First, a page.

The Blossfeldia liliputana, known as the world’s tiniest cactus, has a mature specimen measuring 10-12 mm in solitary or clumping form. It grows between stones on rocky slopes and between gaps in the walls of steep stone cliffs with a bit of fine soil in Southern Bolivia and Northwestern Argentina.
Blossfeldia’s deep grey-green flattened, spineless, ribless body barely exceeds 2 cm and rarely branches naturally. Because it is slow-growing, Blossfeldia in cultivation is often grafted to boost growth and form clusters of offsets. The spiraling wooly areole makes this cactus look appealing.
Its tuberous roots are packed with water to survive several months of dry climate. In fact, it is regarded as a peculiar cactus because its cells can tolerate complete periodic dehydration but can still recover when watered, just like mosses. On the flip side, it is sensitive to too much moisture.
I recommend watering it once every 14 days in the summer months and none at all during winter. Full sun to partial shade exposure will keep the plant’s natural shape and color. In spring or summer, it gives off tiny white or pink blossoms that are 5-7 mm wide, self-pollinating, and open only in the daytime.
Native to the highlands of Argentina, this small, low-growing Rebutia krainziana has a spherical shape, 5 cm wide, and is solitary in the early stage. This cactus is distinguished by its deep green color, enhanced by the tiny, white areoles and big, bright red or yellow flowers, like daisies.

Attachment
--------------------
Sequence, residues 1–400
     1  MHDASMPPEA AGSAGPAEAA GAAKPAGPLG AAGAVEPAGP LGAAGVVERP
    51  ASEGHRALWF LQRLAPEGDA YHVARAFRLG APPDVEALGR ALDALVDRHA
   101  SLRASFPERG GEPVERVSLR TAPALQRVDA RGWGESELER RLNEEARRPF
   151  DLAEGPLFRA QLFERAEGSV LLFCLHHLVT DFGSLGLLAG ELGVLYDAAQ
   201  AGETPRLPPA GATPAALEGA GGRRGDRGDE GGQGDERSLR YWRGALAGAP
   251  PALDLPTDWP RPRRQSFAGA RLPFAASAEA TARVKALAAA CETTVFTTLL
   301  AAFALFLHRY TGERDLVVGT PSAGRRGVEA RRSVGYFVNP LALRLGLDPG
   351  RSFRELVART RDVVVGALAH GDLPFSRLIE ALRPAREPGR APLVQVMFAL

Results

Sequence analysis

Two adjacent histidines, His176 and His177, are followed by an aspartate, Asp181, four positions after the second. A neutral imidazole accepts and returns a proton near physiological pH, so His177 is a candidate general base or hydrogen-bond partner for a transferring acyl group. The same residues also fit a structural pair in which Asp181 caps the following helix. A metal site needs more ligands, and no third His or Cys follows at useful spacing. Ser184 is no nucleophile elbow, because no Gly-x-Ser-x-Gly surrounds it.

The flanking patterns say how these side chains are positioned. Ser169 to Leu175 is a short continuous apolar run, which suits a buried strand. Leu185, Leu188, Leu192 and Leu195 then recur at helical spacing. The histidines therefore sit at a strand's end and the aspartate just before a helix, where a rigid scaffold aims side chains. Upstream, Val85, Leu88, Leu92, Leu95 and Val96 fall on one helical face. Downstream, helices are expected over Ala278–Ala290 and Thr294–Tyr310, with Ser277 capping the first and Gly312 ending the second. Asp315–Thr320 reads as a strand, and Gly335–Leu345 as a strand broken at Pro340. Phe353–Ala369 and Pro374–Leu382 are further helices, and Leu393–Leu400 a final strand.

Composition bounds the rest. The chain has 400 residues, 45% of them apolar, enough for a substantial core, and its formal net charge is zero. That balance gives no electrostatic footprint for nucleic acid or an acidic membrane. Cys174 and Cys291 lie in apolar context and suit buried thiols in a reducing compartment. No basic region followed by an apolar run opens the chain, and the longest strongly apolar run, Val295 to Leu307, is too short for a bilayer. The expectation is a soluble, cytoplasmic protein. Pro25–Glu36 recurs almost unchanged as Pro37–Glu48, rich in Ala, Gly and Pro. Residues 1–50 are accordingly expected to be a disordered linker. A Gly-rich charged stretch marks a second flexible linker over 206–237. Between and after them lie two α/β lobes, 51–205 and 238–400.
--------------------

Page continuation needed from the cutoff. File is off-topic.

The mature plant forms a tight cluster of offsets around its stem after 3- 4 years, reaching a size of 15 cm wide. Soft and short spines emerge from the areoles set on the protruding and spiraling tubercules. Daytime flowers of red-orange, yellow, or white (seldom) bloom in the spring months.
Rebutia krainziana is among the beginner-friendly cacti species. It can withstand drought but needs twice a month watering in spring or summer to maintain its appearance. This species is sensitive to excess moisture, so always remember to water only once the medium is almost dry to avoid overwatering.
It requires 6-10 hours of ample sunlight as it is prone to elongate with a lack of light. I recommend setting in a south-facing position for extended exposure when grown indoors.